SAN FRANCISCO (Jul. 17)
Mayor Dianne Feinstein called on American Jews today to continue to support the Black community and urged Blacks to show understanding for Jewish issues.
Speaking at a breakfast sponsored by the American Israel Public Affairs Committee (AIPAC) at the Fairmount Hotel, Feinstein noted that she is Mayor of a city whose largest ethnic community is the Black community and her relationship with it “is positive and mutually supportive.” However, she noted, many Blacks still do not understand “how we feel when the word ‘quota’ is used.” The Mayor noted that, in the past, quotas had been used to deny places to Jews.
She said there was also a misunderstanding among Blacks and non-Jews of what Israel means to American Jews. “Israel means that no Jews will ever walk into gas chambers again.” She said once this is made clear to non-Jews, the reason for Israel’s existence is understood.
On the presidential campaign, Feinstein noted that when she was interviewed by Walter Mondale as his possible Vice Presidential running mate, she was not only the first woman and the first Mayor to be interviewed but also the first Jew. She predicted that a Jew will be elected President in the near future.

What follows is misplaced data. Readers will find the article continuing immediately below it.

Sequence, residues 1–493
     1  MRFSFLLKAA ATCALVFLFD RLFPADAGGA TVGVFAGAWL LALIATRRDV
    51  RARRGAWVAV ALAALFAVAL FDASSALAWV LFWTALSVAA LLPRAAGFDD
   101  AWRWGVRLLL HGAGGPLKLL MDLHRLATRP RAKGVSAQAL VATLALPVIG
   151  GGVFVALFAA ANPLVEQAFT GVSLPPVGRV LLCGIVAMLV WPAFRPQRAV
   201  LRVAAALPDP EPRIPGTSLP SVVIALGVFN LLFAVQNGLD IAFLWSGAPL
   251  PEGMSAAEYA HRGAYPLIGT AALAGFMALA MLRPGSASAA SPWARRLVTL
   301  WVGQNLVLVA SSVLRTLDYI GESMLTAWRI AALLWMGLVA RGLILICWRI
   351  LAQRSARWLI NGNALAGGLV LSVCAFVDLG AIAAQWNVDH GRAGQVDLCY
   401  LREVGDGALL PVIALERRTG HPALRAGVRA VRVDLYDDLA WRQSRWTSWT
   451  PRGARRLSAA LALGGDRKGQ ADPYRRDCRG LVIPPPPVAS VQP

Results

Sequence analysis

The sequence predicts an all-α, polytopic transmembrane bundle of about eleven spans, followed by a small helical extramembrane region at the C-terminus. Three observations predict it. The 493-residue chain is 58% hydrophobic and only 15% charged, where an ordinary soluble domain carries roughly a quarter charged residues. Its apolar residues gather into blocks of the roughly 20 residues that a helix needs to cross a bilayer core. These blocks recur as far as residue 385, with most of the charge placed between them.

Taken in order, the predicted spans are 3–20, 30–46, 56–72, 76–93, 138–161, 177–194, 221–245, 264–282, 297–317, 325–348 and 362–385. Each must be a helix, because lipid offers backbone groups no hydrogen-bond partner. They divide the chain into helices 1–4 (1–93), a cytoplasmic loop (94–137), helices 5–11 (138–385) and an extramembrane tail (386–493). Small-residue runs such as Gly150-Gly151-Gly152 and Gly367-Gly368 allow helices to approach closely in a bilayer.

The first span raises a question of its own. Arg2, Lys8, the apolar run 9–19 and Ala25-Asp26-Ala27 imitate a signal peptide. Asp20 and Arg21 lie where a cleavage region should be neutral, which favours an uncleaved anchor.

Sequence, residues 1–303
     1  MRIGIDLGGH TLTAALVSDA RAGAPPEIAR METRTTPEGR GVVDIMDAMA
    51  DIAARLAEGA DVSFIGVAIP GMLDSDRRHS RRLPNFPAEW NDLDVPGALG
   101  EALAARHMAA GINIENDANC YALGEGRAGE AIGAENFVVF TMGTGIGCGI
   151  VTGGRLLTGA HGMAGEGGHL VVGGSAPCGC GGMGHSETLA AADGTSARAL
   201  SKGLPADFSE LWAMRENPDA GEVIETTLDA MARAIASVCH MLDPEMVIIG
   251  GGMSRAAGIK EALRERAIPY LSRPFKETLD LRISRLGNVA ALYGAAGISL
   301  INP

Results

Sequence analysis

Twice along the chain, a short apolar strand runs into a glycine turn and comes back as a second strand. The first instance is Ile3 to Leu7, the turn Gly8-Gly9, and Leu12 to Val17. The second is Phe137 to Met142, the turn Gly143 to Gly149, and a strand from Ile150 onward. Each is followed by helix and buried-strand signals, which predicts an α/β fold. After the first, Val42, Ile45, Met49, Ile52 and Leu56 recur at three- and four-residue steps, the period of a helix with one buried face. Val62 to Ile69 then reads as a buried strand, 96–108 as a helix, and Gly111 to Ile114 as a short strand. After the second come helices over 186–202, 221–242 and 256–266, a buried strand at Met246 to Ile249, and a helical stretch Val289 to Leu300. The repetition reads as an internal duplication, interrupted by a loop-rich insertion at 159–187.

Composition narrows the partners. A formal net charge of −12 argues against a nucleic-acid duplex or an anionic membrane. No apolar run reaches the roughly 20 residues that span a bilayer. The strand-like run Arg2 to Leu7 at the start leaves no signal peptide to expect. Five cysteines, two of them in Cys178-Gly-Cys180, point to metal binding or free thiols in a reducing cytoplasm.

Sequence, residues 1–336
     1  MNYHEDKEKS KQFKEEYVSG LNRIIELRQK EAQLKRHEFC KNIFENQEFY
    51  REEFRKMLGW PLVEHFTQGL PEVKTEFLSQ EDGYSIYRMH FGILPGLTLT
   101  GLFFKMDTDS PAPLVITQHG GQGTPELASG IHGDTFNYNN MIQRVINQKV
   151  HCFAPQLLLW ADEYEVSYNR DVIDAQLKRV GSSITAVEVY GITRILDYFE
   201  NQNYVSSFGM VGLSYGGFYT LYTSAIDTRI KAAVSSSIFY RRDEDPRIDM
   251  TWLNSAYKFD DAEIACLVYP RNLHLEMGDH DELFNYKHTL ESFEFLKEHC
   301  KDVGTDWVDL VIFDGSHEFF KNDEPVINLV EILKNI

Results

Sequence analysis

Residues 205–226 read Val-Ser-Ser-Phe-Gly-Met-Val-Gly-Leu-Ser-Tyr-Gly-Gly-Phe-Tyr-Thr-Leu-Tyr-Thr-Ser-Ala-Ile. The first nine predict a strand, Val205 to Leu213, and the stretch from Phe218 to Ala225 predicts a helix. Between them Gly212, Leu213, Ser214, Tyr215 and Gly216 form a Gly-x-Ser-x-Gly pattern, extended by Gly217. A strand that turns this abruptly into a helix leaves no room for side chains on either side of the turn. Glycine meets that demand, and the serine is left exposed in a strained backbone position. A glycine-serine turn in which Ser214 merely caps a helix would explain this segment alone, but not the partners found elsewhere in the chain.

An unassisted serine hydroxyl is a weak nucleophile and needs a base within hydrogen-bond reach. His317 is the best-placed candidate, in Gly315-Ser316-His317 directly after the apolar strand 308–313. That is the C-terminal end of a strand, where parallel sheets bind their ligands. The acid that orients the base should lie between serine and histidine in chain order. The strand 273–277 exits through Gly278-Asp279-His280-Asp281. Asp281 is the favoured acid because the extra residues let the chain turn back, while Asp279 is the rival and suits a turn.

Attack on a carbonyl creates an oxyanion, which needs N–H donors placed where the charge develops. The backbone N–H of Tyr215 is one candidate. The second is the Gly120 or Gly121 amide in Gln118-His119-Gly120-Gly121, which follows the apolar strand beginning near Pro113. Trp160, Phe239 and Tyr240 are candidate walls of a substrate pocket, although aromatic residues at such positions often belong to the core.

Joan Mondale also appeared before the 700 persons attending the AIPAC breakfast. She revealed that all three children of the New York Congresswoman Geraldine Ferraro, who the former Vice President has chosen as his running mate, have climbed Masada in Israel.
Numerous Senators, Congressmen and other elected officials and would-be elected officials were introduced at the AIPAC meeting. The loudest applause came for Governor James Hunt of North Carolina, who is opposing the re-election bid of Republican Senator Jesse Helms.
Thomas Dine, AIPAC’s executive director, stressed that it has finally been realized in this country that “Israel is important to the United States and the United States is important to Israel.”
Meanwhile, the theme on Black-Jewish cooperation was also sounded by Sen. Frank Lautenberg of New Jersey during a tribute to slain civil rights leader Dr. Martin Luther King, Jr. at the Democratic convention last night.
“I am distressed when I see division within our country or within our party, especially when it is between those who have shared common, painful experiences,” Lautenberg declared. “Jews and Blacks, for instance.”
He said that “these two people have historically identified themselves with the goals of the Democratic Party. Their kinship is that they have suffered bigotry, experienced the ghetto, been barred from schools, restricted and red-lined from neighborhoods and know too well the stigma of second class citizenry.”
He said that since Jews and Blacks have “a profound need for one another” they should work together in searching out the real enemy which has been “stripping away the meagerest of gains.”